Expansion into the U.S. pot market is a key area of focus for Canadian marijuana producer Canopy Growth (CGC -3.07%). The company was working on deals to enter the U.S. well before its peers explored this opportunity. In 2019, it inked a still-pending deal with multi-state operator Acreage Holdings to accelerate its growth into the market, but that deal will only happen if and when the U.S. opens for business through federal legalization.
This month, Canopy Growth announced yet another move into America. But this deal doesn't need to wait for marijuana legalization.
Canopy Growth launches CBD vapes in the U.S.
On Sept. 14, Canopy Growth announced that it would be launching its first-ever cannabidiol (CBD) vape product, the whisl. The product has options that allow users to control their desired effect, whether it's to focus, relax, or wind down.
How can Canopy Growth do this, since marijuana is federally illegal in the U.S.? These products do not contain any tetrahydrocannabinol (THC), the psychoactive component of cannabis. While CBD isn't entirely legal, it is allowed as long as it is derived from a hemp plant -- which it is for these vape products. In 2018, the U.S. legalized hemp-based products under the Farm Bill.
Included in the news release was even more promising news: Canopy Growth will sell these products in more than 3,000 U.S. Circle K stores in a partnership with global convenience store giant Alimentation Couche-Tard (ANCU.F). This chain is no stranger to cannabis, as Couche-Tard owns a near-20% stake in marijuana retailer Fire & Flower, which has stores all across Canada.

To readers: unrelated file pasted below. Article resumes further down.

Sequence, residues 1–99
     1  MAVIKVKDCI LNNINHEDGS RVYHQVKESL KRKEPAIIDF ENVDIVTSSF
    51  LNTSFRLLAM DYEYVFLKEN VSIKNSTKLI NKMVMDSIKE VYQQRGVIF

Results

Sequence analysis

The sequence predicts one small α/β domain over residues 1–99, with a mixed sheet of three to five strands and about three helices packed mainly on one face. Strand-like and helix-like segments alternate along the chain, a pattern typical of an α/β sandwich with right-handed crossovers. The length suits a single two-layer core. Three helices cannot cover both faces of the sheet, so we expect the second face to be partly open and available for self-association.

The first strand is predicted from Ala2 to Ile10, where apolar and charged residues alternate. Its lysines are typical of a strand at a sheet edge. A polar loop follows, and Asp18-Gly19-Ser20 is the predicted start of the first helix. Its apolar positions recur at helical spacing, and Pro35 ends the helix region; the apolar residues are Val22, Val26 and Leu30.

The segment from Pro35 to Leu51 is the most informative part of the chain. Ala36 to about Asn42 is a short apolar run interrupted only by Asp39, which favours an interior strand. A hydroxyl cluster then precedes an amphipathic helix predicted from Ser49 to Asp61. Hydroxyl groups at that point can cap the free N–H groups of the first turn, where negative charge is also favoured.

Paving the way for bigger gains
The hemp-based CBD market is legal, but it isn't a significant growth opportunity, nor is it a new business unit for the company. Canopy Growth currently includes sales from any revenue it earns from the segment (including any sales it makes within the U.S.) in its "international and other" line item.
In its most recent results, for the period ending June 30, that line totaled just 19.4 million Canadian dollars and was down 8% year over year. It accounted for a little over 14% of its net revenue of CA$136.2 million. However, that also includes sales from medical marijuana in international markets. If hemp-based CBD products represented a significant chunk of revenue, Canopy Growth would likely have separated it out. The launch of the whisl product probably won't change the CBD story.
The bigger picture for Canopy investors is the growth in distribution channels. Canopy is positioning itself to be able to quickly profit from the U.S. market upon federal legalization. First, with its strategic relationship with beer maker Constellation Brands, which owns nearly 40% of Canopy. Secondly, with its Acreage deal waiting in the wings, contingent on the policy change. And most recently, by creating a presence in Circle K stores.
Is Canopy Growth a buy today?
From an investment standpoint, Canopy Growth isn't a great Canadian marijuana stock. Its revenue growth has been inconsistent and its high growth days are in the rearview mirror, at least until it can fully enter the U.S. market. And that's where the potential is with this stock. If you're OK with waiting, possibly multiple years, for the U.S. to federally legalize marijuana, then Canopy Growth could certainly be a pot stock worth buying today.
Shares of the company have fallen more than 45% this year (the Horizons Marijuana Life Sciences ETF is flat) as it has long been overvalued and arguably, it still is. That being said, at a price-to-sales multiple of less than 12, its valuation metric is moving closer to other Canadian pot stocks.
Given the relationships and partnerships, it has in place, it's arguably worth a higher premium than its peers, anyway. For long-term investors, now may be a good time to consider buying shares of Canopy Growth.